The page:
They do this by having a shutter blade that has 2 openings on one half and 3 openings on the other half - meaning that odd frames get the normal 2 showings a second and the even frames get 3 while the sound plays normally at 24.

In countries that have 50Hz 240 power the film rate is 25 FPS and so is the video - meaning when you watch films made on the 24 FPS system on a 25 FPS video system - there's a 4% speedup (or slowdown in the case of vice versa) which although close to imperceptible by a normal viewer will still be noticeable.

Their OWN films however will playback just fine on their own video system because the frame rates match - just like when some TV shows originally shot on film shoot at 30 frames/sec in the US to be transferred straight across to video without having to be run through a telecine.

Apart from some systems that allow for 24 FPS VIDEO playback instead of the normal video rate of 30FPS (watch a camera shoot a monitor - not a trace of flicker - meaning it's a 24 FPS camera shooting a specialty monitor rigged for 24FPS playback - or both are ganged together at 30FPS.)

Some amusement park films run as high as 60 frames/sec which you can multiply out the linear speed of the film by obtaining the number of perforations in the frame and the number of frames per sec.

Older and smaller gauge films (8MM 16MM handcranked or silent 35MM) have different frame rates. Standard 16MM sound film is the same as 35MM - 24 FPS in this half the world - 25 in the other half.

Silent 35MM could be anywhere between 12 and 20 depending - but was standardized to 18. Some 16MM sound projectors have a SILENT switch which merely changes the film speed from 24 FPS to 18 which is about like changing a speed on a turntable from 45 to 33.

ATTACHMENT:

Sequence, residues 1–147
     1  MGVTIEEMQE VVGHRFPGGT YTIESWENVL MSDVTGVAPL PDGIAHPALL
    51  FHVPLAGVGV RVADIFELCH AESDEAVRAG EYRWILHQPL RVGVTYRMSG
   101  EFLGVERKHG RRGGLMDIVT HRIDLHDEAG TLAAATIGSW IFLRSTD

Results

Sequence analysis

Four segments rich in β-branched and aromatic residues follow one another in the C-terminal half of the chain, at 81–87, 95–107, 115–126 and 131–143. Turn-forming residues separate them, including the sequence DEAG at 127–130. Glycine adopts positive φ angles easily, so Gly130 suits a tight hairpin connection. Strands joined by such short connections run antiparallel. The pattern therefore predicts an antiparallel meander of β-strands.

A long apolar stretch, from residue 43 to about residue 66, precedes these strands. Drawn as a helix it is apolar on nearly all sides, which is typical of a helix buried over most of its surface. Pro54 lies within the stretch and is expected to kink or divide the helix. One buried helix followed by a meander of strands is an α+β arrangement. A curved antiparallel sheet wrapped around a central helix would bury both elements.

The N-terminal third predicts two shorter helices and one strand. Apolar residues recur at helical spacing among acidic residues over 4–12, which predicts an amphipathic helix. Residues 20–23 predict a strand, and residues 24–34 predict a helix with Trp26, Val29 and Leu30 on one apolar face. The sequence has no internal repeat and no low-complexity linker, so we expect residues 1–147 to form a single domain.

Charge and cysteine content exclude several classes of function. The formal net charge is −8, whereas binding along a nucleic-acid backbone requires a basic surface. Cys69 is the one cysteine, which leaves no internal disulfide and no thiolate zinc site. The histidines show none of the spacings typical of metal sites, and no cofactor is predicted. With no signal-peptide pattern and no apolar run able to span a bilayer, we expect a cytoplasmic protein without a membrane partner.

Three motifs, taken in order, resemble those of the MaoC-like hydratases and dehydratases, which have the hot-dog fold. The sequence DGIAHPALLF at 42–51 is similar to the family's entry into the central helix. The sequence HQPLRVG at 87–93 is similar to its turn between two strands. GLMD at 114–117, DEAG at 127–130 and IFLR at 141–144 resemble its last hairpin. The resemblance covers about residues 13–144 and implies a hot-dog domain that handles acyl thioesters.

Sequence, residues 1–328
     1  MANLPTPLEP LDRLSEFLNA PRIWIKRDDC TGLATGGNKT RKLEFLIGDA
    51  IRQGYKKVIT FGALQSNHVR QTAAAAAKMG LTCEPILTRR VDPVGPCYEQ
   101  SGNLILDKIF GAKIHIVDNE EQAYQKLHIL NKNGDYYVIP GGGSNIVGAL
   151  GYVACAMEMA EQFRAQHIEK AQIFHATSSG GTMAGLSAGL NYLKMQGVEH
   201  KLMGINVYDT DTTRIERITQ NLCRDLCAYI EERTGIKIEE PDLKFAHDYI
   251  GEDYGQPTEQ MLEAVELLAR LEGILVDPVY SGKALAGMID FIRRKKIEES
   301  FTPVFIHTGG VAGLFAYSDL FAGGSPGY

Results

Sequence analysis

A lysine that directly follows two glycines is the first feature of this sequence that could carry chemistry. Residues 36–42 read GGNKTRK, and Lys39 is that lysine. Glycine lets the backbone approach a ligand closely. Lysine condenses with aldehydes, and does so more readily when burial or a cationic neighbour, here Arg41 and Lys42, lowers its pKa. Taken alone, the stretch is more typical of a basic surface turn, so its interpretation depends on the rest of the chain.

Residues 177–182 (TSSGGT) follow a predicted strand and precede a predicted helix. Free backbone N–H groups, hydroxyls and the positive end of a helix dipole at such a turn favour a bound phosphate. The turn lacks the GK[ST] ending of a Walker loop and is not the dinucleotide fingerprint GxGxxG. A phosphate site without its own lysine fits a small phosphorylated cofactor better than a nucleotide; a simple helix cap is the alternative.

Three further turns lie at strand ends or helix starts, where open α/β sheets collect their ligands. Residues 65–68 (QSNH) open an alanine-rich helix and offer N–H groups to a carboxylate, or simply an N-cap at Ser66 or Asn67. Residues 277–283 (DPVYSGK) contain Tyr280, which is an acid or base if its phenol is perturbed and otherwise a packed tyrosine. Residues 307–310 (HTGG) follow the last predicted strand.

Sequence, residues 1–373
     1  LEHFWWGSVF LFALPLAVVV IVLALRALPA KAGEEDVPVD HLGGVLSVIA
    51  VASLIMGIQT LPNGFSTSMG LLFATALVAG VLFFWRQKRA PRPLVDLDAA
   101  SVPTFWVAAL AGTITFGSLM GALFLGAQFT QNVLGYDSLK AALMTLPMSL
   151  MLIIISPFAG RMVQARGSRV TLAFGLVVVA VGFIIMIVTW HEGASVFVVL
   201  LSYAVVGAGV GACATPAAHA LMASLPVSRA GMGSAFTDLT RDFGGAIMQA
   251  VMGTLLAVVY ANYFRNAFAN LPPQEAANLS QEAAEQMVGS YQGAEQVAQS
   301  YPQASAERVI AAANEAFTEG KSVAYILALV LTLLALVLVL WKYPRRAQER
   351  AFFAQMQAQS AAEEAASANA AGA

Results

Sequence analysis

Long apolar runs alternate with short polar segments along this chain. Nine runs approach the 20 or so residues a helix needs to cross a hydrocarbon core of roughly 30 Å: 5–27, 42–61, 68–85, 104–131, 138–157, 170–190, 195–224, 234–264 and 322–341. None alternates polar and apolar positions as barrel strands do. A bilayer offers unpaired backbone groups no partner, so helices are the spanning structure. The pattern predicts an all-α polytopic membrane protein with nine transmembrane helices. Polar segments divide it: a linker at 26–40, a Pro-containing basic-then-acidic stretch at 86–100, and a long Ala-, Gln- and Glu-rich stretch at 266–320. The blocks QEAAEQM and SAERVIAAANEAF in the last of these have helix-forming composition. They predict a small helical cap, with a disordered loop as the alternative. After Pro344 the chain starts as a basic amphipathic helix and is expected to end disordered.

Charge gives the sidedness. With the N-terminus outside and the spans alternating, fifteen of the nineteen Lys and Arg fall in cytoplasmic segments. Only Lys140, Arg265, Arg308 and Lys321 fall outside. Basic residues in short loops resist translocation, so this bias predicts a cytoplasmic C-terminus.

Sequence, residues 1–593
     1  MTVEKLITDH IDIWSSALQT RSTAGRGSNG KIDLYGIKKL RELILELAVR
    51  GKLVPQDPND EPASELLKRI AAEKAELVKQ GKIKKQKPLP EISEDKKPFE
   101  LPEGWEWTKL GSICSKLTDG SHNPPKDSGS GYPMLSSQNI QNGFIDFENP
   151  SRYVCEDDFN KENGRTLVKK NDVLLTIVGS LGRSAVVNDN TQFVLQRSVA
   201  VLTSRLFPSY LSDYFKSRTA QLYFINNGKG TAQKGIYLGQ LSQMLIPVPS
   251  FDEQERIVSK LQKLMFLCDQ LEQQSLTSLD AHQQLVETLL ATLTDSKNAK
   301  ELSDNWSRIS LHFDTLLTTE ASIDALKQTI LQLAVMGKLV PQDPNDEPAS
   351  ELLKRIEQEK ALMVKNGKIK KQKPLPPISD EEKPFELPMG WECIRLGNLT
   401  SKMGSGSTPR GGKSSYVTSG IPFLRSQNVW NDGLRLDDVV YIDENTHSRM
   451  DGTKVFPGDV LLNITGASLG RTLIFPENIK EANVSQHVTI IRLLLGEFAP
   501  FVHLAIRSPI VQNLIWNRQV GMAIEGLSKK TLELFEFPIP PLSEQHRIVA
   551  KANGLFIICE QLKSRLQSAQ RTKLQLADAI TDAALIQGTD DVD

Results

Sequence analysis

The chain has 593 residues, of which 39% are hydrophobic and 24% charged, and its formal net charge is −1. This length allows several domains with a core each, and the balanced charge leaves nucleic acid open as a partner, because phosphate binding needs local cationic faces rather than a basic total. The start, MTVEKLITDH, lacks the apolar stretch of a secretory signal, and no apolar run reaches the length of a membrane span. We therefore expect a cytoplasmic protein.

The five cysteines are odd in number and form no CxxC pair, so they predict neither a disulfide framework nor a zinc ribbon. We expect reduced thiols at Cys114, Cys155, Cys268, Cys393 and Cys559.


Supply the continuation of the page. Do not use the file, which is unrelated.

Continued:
The reason the sound is so crappy on 8MM and 16MM film is the low linear speed - about like the difference between linear non hi fi analog sound on a 2 hour VHS vs a 6 hour VHS. 16MM linear speed is around 6 IPS when most high fidelity music reel to reel recorders lowest speed is 7-1/2 and mastered at 15. Same for 8MM which is around 3 IPS.

8MM can be either 16 FPS or 18 although 12FPS is also standard esp for old home movies. Since these have to be either run at speed or telecined to match video - the most common scenario is to run 8MM at 15 FPS and double up the frame rate - meaning on video they'll either be a touch slow from an original frame rate of 16 or 18 or a little fast from an original frame rate of 12.

However there is magnetic as well as optical sound 8MM film some of which is also run at the standard 24 FPS with its extremely small pictures and extremely narrow magnetic or optical sound. Even at 24FPS - 8MM simply does not have the resolution to have good fidelity audio in either format or a clear picture either - with 16MM not being that much better.

But people never really bought release prints of films because of the huge amount of film it took for an average picture. Airlines where the format took off for the longest didn't care because in the early days of 2 projectors each running one reel at a time - they could keep going back and forth however many times they wanted just as the commercial cinemas did with their 20 minute reels back in the days before they perfected hour long fire carbons and electric lights.